Both Byrant and Duncan played in the same generation with latter making his NBA debut a year after Bryant. The first-round draft picks of 1996 and 1997 ended their illustrious careers in 2016. Both won the titles five times in their careers. However, Smith gave Duncan the edge while talking about the player who has had the better career.
“I have to say Tim Duncan, with all due respect to my man Kobe Bryant,” said Smith. “When you consider the model of consistency that Tim Duncan was able to put forth — David Robinson has a title because of Tim Duncan. Tim Duncan is a five-time champion, as that chart just showed, just as many titles as Kobe Bryant, more NBA Finals MVPs. You’ve got to take that into consideration the fact that he is universally recognized as the greatest power forward to have ever played the game, a 10-time All-Defensive First Team player.”
While Smith picked Duncan ahead of Bryant, fellow analyst Max Kellerman felt otherwise.
“I have to go (with) Kobe Bryant. Charles Barkley’s right. Kobe Bryant is the closest thing we’ve ever seen to Michael Jordan,” he said. “One of the reasons (the Lakers) were perceived the way they were, the primary reason, is Kobe was perceived as the best player in the game. And by the way, Tim Duncan was in the game back then, and in his prime.”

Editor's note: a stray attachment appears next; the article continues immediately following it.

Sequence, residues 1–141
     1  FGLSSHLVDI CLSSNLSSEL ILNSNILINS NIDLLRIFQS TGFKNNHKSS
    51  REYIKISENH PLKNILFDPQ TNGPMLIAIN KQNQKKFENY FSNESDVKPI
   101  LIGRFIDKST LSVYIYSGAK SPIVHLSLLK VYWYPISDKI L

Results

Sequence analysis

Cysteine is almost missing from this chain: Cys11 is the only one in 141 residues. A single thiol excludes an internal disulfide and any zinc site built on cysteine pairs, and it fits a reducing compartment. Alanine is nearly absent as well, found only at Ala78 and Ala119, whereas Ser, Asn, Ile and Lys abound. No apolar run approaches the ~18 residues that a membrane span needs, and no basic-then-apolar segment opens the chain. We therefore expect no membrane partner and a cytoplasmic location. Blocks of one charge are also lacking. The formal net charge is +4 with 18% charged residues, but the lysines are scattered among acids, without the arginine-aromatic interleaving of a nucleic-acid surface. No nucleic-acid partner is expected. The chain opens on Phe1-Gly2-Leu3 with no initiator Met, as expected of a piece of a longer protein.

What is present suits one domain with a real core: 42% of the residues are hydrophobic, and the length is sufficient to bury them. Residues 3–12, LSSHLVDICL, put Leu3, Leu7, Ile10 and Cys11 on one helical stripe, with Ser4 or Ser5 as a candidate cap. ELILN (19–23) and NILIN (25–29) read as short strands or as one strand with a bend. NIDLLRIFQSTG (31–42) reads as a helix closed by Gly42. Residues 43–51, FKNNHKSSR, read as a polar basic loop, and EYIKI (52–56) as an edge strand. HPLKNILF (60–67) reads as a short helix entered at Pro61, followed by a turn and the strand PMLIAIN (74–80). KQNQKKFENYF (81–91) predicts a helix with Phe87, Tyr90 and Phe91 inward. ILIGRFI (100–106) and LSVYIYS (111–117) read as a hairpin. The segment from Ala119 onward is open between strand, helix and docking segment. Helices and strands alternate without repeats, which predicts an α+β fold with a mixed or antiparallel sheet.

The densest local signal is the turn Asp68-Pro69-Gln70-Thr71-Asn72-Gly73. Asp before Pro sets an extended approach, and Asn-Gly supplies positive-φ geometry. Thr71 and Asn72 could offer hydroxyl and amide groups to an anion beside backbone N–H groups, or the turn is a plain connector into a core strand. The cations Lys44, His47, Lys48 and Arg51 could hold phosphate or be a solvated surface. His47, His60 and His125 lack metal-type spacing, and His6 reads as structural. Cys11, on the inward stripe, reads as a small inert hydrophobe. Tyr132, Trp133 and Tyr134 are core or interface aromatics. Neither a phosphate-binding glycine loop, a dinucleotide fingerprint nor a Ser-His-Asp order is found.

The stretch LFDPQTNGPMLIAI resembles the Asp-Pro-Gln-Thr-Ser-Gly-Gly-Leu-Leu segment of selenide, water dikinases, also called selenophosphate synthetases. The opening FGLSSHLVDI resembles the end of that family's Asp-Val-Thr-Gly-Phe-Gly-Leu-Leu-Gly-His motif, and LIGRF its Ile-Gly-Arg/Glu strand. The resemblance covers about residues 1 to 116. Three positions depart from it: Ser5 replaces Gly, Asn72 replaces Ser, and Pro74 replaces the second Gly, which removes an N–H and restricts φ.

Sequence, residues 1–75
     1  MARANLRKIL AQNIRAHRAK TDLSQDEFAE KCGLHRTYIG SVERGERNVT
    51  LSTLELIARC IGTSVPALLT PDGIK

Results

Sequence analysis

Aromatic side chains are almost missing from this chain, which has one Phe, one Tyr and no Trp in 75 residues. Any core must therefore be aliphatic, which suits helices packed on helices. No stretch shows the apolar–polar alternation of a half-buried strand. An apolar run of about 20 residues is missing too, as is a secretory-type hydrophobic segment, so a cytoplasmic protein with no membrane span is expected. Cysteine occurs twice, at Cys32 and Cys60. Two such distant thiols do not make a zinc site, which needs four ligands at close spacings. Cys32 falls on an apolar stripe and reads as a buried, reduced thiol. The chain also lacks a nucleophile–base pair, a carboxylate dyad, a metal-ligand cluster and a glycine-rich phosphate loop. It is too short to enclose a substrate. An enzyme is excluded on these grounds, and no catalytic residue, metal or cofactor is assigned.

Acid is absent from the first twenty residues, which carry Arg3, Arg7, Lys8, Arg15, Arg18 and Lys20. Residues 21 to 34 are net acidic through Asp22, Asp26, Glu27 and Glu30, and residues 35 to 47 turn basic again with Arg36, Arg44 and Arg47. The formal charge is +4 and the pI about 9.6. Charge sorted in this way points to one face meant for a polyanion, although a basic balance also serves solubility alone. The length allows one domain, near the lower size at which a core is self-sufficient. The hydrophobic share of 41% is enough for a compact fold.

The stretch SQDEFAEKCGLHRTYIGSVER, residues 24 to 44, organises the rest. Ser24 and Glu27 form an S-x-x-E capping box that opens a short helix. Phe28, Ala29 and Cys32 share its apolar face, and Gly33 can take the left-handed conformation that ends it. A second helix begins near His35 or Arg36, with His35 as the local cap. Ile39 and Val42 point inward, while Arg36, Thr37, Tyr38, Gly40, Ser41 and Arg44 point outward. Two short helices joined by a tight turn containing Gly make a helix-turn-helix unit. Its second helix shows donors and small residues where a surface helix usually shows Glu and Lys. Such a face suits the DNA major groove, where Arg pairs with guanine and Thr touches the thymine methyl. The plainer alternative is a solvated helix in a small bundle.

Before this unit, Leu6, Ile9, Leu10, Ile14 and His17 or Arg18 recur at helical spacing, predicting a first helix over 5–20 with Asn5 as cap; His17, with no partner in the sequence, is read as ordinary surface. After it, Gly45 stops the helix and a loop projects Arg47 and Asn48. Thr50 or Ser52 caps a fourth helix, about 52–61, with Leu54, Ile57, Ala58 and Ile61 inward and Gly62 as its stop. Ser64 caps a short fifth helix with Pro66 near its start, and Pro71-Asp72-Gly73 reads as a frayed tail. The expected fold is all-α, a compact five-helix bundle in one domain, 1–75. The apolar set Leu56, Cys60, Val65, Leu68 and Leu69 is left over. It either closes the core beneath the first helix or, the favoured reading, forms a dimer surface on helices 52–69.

Bryant and Duncan will be enshrined into the Hall of Fame in August along with Kevin Garnett. Along with them, 10-time WNBA All-Star Tamika Catchings will be a part of the class of 2020. Other names include four-time National Coach of the Year, Eddie Sutton and two-time NBA Champion coach Rudy Tomjanovich. The Hall of Fame will also honor three-time NCAA National Championship Coach of Baylor Kim Mulkey, five-time Division II National Coach of the Year Barbara Stevens, and longtime FIBA executive Patrick Baumann.
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